New and expensive cars can be the victims of envy but, strangely, a rather timid mindset can come in to play and an angry drunk or hormonal teen will key a car that he, or rarely she, views as cheap. But he has to notice it first so, probably, a 10 year old Mondeo in a dull colour is a good choice for an invisible car but you might not want one and, in any case, it would be a shame to use this as a reason to make your choice.
Image. A tricky one this, since its very subjective. A mature person realises that any message the car they choose seems to give out about them is irrelevant but, like me, you might aspire but never seem to reach that degree of maturity. Custodianship of a new car can say two things about you. First, that you can afford it, second (depending on the model) that you are essentially forward looking.
An old car potentially says a lot more but, taking the opposite of the new car’s messages first, well there’s no shame in not being able to afford new anyway, and there’s kudos in being sensible enough not to, even if you could. On the second point it probably depends on how genuine the advances made are, and how relevant they are to your needs. You might well identify an 8 shift paddle change as a genuine improvement, but triple scalloped flanks and smiley face running lights less so.
To a great extent, rust has been banished from cars, though never take this for granted. Years ago this was a minefield, irrespective of how prestigious the car was and, to me, a rusty car is a depressing reminder of mortality and doesn’t reflect well on the driver. However, a beat-up car is a different matter.
I remember a well-worn Mercedes 280TE Estate that I had a minor obsession with many years ago, so much so that I asked the owner to let me know if he ever wanted to sell it, something I wouldn’t normally do. It had various dents and scrapes, the paintwork had faded, it was never washed, but it had a purposeful honesty about it. I’m still waiting for the call and he’s probably still driving it.
Certain images you want, certain you don’t and, with old cars they are particularly brand, model, colour and accessory sensitive. First accessories – any fitment of after market embellishments to an old car suggests you care too much about it. Maybe that’s OK for you, but it wouldn’t do for me. Some colours age better than other – cheap red pigments can fade to very unhealthy hues, though again you might like this.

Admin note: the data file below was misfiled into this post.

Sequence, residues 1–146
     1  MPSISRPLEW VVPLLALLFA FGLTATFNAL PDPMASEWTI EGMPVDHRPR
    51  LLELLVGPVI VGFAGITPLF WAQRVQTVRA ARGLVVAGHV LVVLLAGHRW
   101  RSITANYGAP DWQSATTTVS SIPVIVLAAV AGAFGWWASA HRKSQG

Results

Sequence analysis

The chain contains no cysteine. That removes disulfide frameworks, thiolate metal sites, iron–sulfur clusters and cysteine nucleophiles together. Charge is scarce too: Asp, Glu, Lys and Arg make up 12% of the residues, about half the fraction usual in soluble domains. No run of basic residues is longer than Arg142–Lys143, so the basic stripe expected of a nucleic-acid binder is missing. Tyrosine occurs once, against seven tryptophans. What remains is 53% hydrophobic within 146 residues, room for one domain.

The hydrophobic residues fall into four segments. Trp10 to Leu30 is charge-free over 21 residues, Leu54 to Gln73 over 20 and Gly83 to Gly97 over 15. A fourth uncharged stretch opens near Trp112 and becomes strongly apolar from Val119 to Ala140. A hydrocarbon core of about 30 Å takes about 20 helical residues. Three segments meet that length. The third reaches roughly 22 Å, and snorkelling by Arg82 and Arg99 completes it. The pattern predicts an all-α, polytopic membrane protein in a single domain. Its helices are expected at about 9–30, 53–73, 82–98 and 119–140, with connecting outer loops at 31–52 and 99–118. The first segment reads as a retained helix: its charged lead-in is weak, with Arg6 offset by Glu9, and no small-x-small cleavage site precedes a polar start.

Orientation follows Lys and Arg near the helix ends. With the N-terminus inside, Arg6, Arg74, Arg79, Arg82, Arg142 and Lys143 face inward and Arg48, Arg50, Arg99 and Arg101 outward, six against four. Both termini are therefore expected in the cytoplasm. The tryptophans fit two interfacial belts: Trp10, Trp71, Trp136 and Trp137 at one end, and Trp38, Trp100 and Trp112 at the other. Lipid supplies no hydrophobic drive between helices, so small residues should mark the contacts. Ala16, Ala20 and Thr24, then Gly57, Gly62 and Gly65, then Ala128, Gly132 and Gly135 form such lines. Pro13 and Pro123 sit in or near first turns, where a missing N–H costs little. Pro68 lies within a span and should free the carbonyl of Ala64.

Brand and model is the most difficult. Without being specific, there are those cars that just shout MINICAB DRIVER, PUB LANDLORD or SMALL-TIME CRIMINAL. Now I’m not knocking any of these professions and you might not care, or you might even be one of the above, but knowledge of this fact does avoid disappointing people who tap on your window and ask the fare to the Archway Road, whether you want to buy some knock-off Vodka or if you’ve got any Bernie for them.
Posterity. Just as a new car gets approving looks, so can an old one. It just depends whether you want that. I mentioned my 40 year old car, so we should address the subject of ‘classics’. This can put things onto a different financial and social plane. Once upon a time there were Veteran Cars, Edwardian Cars, Vintage Cars and a slightly subjective category, almost an invitation-only club, called ‘Post Vintage Thoroughbred Cars’.
Anything else built in the Thirties or anything built after World War II was just an Old Car. In the Sixties you could pick up an 8 year old Ferrari at a fraction of its original price. These cars were seen as the province of the down at heel, or the plain eccentric and they had no dignifying generic identity.
Then, in the Seventies, the term ‘Classic Car’ started appearing. This might have been a suitable term to underline that an XK140 Jaguar or a Bentley R Type Continental had an historical significance that made them objects worth cherishing, but it soon became a perfectly acceptable term to label a Ford Consul or Wolseley 1500. All classic cars are worth driving, if only to underline how dreadful most of them were. But a significant minority are worth driving to show those things that many contemporary designers have lost along the way. Purity, visibility, space, comfort, elegance, etc.
Because you have a ‘classic’ for some reason people often believe that you are a nice person. This can be good, people let you out of junctions and, when you’re going faster than them, don’t always take it as an affront. But there’s a downside. Because you are so ‘nice’, when people come up to you with a cheery ‘ooooh, you don’t see many of these do you – isn’t that the one Burt Reynolds drove into the river in that film – what is it a Maserati or something?’ you’re expected to spend 15 minutes giving them a beginner’s primer to the French automobile industry.